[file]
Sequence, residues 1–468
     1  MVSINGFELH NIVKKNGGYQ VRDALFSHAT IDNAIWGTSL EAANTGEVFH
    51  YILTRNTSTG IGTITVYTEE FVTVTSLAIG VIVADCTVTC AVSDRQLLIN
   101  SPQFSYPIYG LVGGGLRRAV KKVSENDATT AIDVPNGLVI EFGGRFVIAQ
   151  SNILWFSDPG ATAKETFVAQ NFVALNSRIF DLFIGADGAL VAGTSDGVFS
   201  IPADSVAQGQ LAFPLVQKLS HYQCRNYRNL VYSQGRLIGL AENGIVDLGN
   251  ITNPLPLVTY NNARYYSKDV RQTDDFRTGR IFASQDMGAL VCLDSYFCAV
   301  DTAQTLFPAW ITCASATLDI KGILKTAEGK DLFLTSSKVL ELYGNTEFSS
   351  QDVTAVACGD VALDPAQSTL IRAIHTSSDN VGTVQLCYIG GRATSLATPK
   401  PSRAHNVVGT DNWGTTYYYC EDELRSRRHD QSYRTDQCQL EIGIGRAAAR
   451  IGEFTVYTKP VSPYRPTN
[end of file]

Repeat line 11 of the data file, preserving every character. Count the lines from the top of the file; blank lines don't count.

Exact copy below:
   451  IGEFTVYTKP VSPYRPTN